The shape of things

In Art Projects, Creating, Education/Resources, Inspiration, Learning, Nature
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At some point during the past 18 months, I became hooked on the art practice of artist Amy Maricle. Her meditative practice requires slowing down and spending time with simple art materials–perfect for pandemic times. Amy’s invitation to make simple marks on very small pieces of paper was particularly appealing to me; when my mind needs a break, this is a perfect solution. And with very little required to get started, many barriers to “making art” are removed.

Amy, a trained art therapist, very generously gives of herself and her time by hosting slow drawing events on her Facebook page each week. People from all around the globe can gather virtually, in real time, to pause for an hour of meditative drawing together–a true gift!

In addition to her urging to slow down, breathe, and really notice what’s happening during this time of making art, Amy encourages nature walks for inspiration. In fact, most of her “slow drawing” shapes are drawn from her own experiences in nature.

This really speaks to me as a photographer. I’m always looking for the small, perhaps unnoticed things, when I set out to walk with my camera. Shapes, colors, patterns…all can provide artistic inspiration. And now those little treasures I may pocket along the way–pine cones, rocks, leaves and more–can make their way into my little pieces of art, too!

Now that I’ve started a rhythm of creating these small little art pieces, I find myself looking for patterns in nature each time I venture out. It’s just another reason to carry my camera! Looking for those shapes, taking photos, and using those images for reference is very helpful. This practice itself causes me to slow down, look carefully, and think about what I’m seeing.

If you want to know more, check out Amy’s Instagram page as well as her website, or join her mailing list. If you’re inspired to give this a try, I’d love to hear about it! Though Amy share many of her sessions at no cost, you can buy a class (or two) along the way. You can also join the “Simplest Things” challenge that starts February 7, and it’s free!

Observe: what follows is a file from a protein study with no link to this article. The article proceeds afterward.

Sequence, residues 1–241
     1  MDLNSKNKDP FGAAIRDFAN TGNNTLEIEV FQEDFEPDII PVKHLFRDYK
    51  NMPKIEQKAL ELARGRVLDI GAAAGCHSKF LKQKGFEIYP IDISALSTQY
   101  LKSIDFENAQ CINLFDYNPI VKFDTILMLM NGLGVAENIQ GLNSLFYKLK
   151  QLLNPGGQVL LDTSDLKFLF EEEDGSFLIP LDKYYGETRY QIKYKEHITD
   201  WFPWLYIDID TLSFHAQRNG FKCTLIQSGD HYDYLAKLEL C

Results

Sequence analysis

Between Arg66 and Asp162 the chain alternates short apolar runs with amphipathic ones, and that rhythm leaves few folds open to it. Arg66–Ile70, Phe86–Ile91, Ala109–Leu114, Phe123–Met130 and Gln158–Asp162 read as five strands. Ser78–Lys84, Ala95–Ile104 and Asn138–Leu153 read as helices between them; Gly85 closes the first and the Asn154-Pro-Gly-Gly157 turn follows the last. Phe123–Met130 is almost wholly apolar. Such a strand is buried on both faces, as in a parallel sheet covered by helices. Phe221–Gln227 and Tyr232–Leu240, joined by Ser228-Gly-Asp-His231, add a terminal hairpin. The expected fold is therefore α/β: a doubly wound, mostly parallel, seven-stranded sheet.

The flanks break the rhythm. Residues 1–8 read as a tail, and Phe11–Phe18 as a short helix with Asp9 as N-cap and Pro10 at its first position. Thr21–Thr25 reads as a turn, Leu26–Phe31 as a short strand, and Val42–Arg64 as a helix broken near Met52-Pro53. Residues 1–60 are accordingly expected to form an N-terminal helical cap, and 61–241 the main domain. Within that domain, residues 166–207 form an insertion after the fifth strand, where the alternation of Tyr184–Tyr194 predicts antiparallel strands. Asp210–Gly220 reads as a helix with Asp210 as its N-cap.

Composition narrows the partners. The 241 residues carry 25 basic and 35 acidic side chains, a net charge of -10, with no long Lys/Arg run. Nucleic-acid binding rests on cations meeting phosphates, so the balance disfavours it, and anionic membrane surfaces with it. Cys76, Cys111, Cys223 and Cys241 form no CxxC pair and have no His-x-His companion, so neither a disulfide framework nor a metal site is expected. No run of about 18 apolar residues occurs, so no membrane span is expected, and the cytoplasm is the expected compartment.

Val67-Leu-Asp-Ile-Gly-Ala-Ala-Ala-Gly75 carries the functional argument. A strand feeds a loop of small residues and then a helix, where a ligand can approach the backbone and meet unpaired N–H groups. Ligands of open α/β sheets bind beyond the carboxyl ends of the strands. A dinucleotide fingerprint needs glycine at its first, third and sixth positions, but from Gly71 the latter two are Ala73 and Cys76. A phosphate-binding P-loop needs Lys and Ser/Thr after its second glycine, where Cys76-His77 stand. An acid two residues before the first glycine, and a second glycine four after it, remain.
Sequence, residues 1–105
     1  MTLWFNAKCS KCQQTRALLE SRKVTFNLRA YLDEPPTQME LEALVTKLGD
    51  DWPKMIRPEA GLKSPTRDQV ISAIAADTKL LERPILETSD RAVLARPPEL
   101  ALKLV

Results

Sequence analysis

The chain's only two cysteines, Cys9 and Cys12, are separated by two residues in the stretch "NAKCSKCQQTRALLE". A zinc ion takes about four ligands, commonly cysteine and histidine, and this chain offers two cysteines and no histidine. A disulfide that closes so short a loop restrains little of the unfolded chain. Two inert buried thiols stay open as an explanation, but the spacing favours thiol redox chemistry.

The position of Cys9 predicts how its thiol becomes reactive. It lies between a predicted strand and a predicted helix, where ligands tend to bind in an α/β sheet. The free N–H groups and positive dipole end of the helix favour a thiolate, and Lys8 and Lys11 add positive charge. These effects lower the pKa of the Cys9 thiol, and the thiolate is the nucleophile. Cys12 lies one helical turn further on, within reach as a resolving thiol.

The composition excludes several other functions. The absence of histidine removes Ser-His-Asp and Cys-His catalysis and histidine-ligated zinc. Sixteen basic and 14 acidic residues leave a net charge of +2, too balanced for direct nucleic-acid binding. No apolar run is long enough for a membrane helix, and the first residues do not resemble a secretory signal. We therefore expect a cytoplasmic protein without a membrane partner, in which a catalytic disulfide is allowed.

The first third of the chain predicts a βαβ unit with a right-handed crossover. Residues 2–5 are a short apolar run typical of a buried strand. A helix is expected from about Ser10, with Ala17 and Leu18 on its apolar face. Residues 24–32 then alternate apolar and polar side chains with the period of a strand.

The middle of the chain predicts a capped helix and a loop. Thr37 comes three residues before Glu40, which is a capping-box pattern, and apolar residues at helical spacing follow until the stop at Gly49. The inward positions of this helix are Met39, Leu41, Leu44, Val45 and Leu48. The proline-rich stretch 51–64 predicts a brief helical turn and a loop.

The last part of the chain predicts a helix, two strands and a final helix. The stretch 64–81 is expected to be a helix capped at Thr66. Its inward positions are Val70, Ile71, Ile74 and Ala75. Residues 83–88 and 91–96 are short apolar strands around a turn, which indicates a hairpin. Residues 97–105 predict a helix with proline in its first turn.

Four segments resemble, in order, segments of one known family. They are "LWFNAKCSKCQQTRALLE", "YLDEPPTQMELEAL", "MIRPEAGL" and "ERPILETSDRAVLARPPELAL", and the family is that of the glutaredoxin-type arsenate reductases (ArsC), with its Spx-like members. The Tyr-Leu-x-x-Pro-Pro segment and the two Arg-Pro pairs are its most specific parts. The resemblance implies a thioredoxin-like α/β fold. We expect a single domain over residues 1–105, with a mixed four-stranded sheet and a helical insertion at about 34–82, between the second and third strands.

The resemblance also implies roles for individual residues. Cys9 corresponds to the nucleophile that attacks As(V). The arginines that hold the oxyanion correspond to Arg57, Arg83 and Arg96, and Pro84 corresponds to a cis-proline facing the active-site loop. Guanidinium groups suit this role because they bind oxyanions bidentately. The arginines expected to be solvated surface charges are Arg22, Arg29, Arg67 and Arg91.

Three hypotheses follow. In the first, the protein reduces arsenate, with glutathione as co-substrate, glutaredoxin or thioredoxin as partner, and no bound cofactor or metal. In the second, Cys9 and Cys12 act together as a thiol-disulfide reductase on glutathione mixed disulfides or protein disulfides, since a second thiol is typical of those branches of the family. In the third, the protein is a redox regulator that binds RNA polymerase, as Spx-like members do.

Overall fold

I hope this short post will inspire you to slow down, see things in a new way, and make time for art. Leave a comment or tag me on IG if decide to join in the fun!


P.S. Exciting news! Amy announced today that she is publishing a book titled “Draw Yourself Calm,” to be released late this summer. Click here to pre-order!


  1. I’ve been enjoying seeing your lovely and meditative creations! Thanks for the inspiration, and I’m looking forward to joining in the February workshop.

    • Thanks, Lucy! I hope you might give slow drawing a try. ☺️

  2. So inspiring! I will definitely check Amy out.
    And your photos…what lovely references you have for future drawings!

    • Thank you, Michelle! Nature certainly provides endless inspiration ?

    • Thanks, Staci! I hope you check out Amy’s resources (and new book). ?

  3. Leslie I was nodding along as I read your post thinking how that’s exactly what I do with my camera. BUT, I adore what you are drawing and simply using those tiny cards. You have them so nicely organized and at-hand. I love that idea so much.
    I’m not on social media anymore but I’ll sign up for her email list. Thank you.

    • Diane, the small size of the art cards is what drew me in. Little pieces that I can start and finish in just a short amount of time. It makes it so easy to “make art” when I want to.

    • Amy has definitely inspired me! I hope you might find this type of art-making interesting as well. ?

  4. So many beautiful patterns and textures! What a great way to meditate…

    • Marie, this type of art is very soothing to me. It requires little effort to get started and the repetition is nice for the brain. ?

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